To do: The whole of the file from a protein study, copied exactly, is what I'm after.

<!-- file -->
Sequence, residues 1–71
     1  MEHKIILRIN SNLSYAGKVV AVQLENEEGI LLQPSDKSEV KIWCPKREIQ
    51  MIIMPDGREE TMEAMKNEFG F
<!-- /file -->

Sequence, residues 1–71
     1  MEHKIILRIN SNLSYAGKVV AVQLENEEGI LLQPSDKSEV KIWCPKREIQ
    51  MIIMPDGREE TMEAMKNEFG F